• The Knox Area Workers Memorial Day Committee published “Tennessee Workers — Dying for a Job: A Report on Worker Fatalities in Tennessee, 2012 & 2013.” The report highlighted state-specific data and published a list of workers who have died, along with their employers and causes of death as well as stories of many of the workers who lost their lives. Take, for example, Larry Chubbs and Michael Tallent:

Larry Chubbs worked at TAG Manufacturing in Chattanooga, a company that makes metal components of large construction equipment. On May 8, 2012, Larry was operating a blasting machine that cleans and descales large steel parts. He lost his life when an unsecured floor panel of a catwalk gave way and he fell into the machine’s moving parts. The Chattanooga Times Free Press reported that “when workers found Chubbs’ body in the machine, they found the panel from the catwalk with him.” He was 54 years old.

Michael Tallent had turned 27 only a month before the accident that took his life. Michael was working as a craneman’s helper for W&O Construction Co. at the Kuwahee Wastewater Treatment Plant, a Knoxville Utilities Board facility on Neyland Dr. in Knoxville. …As the crew began to move a load of sheet metal pilings, the crane’s main hoist line came into contact with overhead power lines, resulting in Michael being struck by a fatal bolt of electricity.

• The Fe y Justicia Worker Center in Houston, Texas, published “Worker Memorial Day: Deaths at Houston Workplaces in 2013,” which stated that nearly every week in Texas’ largest city, a worker loses his or her life on the job. The report highlighted local worker initiatives, such as the center’s Domestic Worker Program, “La Colmena,” which is working to educate house cleaners and janitors about the health risks associated with cleaning products and suggest alternative options.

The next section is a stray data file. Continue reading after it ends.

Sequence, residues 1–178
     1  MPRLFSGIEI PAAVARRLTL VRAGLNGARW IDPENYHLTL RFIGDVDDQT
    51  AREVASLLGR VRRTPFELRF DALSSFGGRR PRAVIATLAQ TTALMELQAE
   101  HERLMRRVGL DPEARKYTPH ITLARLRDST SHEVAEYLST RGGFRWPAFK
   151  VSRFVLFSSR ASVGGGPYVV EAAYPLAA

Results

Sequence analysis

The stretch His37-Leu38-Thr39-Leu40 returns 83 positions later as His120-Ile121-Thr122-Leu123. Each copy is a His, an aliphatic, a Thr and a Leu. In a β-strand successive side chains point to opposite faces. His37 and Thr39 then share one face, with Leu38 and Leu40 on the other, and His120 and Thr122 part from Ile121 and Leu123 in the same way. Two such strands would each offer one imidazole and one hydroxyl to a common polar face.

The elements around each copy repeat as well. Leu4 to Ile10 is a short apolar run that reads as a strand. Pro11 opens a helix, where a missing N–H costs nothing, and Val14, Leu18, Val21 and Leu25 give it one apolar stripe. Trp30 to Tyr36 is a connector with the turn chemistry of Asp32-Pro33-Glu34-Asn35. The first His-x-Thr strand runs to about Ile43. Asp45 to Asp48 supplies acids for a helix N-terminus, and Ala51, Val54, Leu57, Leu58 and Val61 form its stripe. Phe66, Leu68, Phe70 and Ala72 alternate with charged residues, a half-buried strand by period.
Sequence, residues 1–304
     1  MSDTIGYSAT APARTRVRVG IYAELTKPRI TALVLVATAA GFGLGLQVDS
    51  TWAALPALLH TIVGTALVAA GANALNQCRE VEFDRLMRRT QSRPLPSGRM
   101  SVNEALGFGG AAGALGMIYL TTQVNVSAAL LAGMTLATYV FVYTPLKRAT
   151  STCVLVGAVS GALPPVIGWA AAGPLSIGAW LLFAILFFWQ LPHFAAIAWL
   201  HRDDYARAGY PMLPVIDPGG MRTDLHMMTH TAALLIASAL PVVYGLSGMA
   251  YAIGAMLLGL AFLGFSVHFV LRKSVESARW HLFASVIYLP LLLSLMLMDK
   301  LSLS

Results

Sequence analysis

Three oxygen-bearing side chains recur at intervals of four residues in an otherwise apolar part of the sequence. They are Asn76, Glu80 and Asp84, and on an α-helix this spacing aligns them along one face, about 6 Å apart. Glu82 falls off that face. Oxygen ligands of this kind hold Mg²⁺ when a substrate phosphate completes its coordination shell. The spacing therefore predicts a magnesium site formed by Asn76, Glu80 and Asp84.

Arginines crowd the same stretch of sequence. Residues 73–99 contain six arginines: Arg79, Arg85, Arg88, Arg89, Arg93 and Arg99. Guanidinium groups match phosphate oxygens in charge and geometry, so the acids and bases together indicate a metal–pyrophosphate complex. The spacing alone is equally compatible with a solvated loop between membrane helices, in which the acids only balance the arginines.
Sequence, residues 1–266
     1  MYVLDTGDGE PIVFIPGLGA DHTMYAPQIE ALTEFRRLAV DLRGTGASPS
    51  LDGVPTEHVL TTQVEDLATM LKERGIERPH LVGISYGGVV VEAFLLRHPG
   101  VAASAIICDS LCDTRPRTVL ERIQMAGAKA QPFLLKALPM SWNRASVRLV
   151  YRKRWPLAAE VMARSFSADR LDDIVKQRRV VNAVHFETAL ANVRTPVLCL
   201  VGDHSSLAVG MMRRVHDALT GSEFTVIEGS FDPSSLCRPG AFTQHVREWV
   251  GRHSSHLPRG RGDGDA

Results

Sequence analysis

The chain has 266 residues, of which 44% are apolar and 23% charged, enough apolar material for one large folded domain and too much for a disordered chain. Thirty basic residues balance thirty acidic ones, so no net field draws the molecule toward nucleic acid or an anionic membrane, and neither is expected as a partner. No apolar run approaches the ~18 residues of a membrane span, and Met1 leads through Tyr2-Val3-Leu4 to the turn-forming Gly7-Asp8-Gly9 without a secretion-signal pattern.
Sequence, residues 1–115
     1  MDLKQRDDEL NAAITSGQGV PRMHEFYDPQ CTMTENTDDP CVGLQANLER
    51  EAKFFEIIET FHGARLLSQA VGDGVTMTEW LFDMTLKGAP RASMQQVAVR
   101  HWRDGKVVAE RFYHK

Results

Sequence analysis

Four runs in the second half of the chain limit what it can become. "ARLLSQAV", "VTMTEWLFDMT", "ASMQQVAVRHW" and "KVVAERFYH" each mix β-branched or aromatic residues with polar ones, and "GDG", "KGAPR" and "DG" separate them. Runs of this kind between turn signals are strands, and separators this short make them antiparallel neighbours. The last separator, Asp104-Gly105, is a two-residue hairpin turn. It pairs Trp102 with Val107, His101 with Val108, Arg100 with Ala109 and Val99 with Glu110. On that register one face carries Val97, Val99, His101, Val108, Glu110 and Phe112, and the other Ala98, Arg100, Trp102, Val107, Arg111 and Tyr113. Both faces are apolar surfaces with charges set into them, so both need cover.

• The Occupational Health Clinical Centers of New York released “Low-Wage Work in Syracuse: Worker Health in the New Economy.” The report, which surveyed 275 low-wage workers, found that wage theft, unsafe work conditions and symptoms associated with workplace exposures were common experiences. The average pay among those surveyed was $9.65 (federal minimum wage is $7.25), about a fifth of workers reported not being paid overtime and 3 percent said they never get paid for overtime.

Just yesterday, AFL-CIO released its yearly report on workplace fatalities in “Death on the Job: The Toll of Neglect.” According to the report, more than 4,600 workers lost their lives in the United States in 2012 due to workplace injuries and an estimated 50,000 died from occupational diseases. That means we lost nearly 150 workers every day from preventable workplace conditions. North Dakota, Wyoming, Alaska, Montana and West Virginia were home to the highest fatality rates; Massachusetts, Rhode Island, Connecticut, New Hampshire and Washington reported the lowest rates. North Dakota’s rate was five times the national average and one of the highest worker fatality rates ever reported for any state.

The yearly memorial day and call to action also attracted a good bit of media attention as well. For a comprehensive list of news coverage, visit National COSH. And, of course, the Pump Handle’s Liz Borkowski wrote about Workers Memorial Day here, noting that “stories of workers who’ve been killed on the job, or who’ve developed fatal work-related illnesses, remind us of how awful the toll of unsafe workplaces can be, and how important it is to improve workplace health and safety.”

Kim Krisberg is a freelance public health writer living in Austin, Texas, and has been writing about public health for more than a decade.